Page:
In a business built on rapid, time-definite delivery of critical pharmaceuticals and high-value electronics parts, one might ask: Why would a slot machine represent an increasing growth opportunity for the expedited trucking industry?
The answer not only is indicative of a surging gaming industry across the U.S., but also of the increasingly specialized services expedited carriers offer that, combined with an improving economy and tight trucking capacity, are driving growth. Those slot machines, so critical to the profitability of the Caesars Palaces, Sands Casinos and any number of horse tracks nationwide, require exclusive-use trucks, pads, straps and lift gates. Only members of gaming commissions can break trailer seals, and shipments with broken seals must be returned.
To meet demand for such enhanced security, visibility and monitoring capabilities, expedited carriers are rolling out new technologies and premium services for shippers of high-value, mission critical and temperature-sensitive goods.
Expedited services are about much more than last-minute, time-definite shipments. With lean inventories and integrated supply chains, shippers are turning to expedited carriers for capacity management, better security and a host of other premium solutions, said Jason Frederick, managing director of operations for FedEx Custom Critical.
The FedEx unit, the nation’s largest expedited carrier, notched $375 million in 2011 revenue, up 14 percent year-over-year. Driven by tight capacity and lean inventories, growth is running in the high single-digits this year.
Security is a top priority for many users of expedited transportation services. For shippers moving pharmaceuticals, high-value electronics, key parts and even special releases and rollouts of books, video games and other media products with a high black-market value, security is a priority. Stolen property can result in huge losses, especially if those products can be copied.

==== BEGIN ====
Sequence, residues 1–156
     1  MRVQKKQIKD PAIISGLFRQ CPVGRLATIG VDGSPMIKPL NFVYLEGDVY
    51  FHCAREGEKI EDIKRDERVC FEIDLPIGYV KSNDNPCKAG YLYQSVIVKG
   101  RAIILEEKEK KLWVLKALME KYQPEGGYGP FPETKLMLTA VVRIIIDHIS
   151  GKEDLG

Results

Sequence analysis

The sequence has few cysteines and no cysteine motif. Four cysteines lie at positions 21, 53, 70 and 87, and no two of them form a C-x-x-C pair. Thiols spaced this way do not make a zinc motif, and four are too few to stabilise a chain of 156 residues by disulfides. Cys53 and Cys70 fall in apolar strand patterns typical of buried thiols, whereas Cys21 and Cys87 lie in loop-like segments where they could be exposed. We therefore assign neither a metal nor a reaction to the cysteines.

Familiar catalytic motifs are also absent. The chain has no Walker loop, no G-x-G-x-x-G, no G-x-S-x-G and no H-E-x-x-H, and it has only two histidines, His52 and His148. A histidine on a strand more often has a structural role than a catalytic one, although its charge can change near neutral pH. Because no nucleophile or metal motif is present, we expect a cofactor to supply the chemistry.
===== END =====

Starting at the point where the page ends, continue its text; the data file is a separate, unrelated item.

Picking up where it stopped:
For customers in the life sciences, perishable goods, aerospace, arts and finance industries, time-definite shipments almost always include other premium services. To maximize their scale and volume, some are turning to single providers for all of their expedited freight needs.
“We are finding success where customers are looking to single-source premium services as well as expedite,” said Andy Clarke, president and CEO of Seville, Ohio-based Panther Expedited Services. Five clients have consigned all of their expedited shipping needs to Panther this year, he said.
The expedited trucking sector is in the midst of a sustained period of growth. Each of the five biggest U.S. expedited carriers recorded healthy revenue increases in 2011. Combined revenue for the top five carriers — including the expedited divisions of UPS and FedEx, the nation’s largest transportation providers — totaled $938 million in 2011, a 9.3 percent increase over 2010.
That’s a far cry from the 22.2 percent year-over-year increase between 2009 and 2010 as companies turned to expedited services as they dug their way out of the recession. Current growth rates, although not as high, are healthy and appear to be more sustainable and lasting. “2009 was a very bad year, so people were still catching up to what they used to have,” said Satish Jindel, president of SJ Consulting Services.
Panther is benefiting from improving light-vehicle sales and a minor renaissance in automotive and general manufacturing in the U.S. and Mexico. “That is driving cross-border and domestic expedited shipments,” Clarke said.
or a special sale. UPS’s regular LTL customers usually call three or four times a year in need of expedited services. “We want to provide that service without them having to find another provider,” said Cornell Howard, UPS Freight’s vice president of expedited freight services.
Expedited volumes are climbing steadily even among highly price-sensitive customers. To keep them happy, the expedited group offers a variety of delivery times and pricing options. “Even with that, we have seen steady growth in expedited division volume,” Howard said.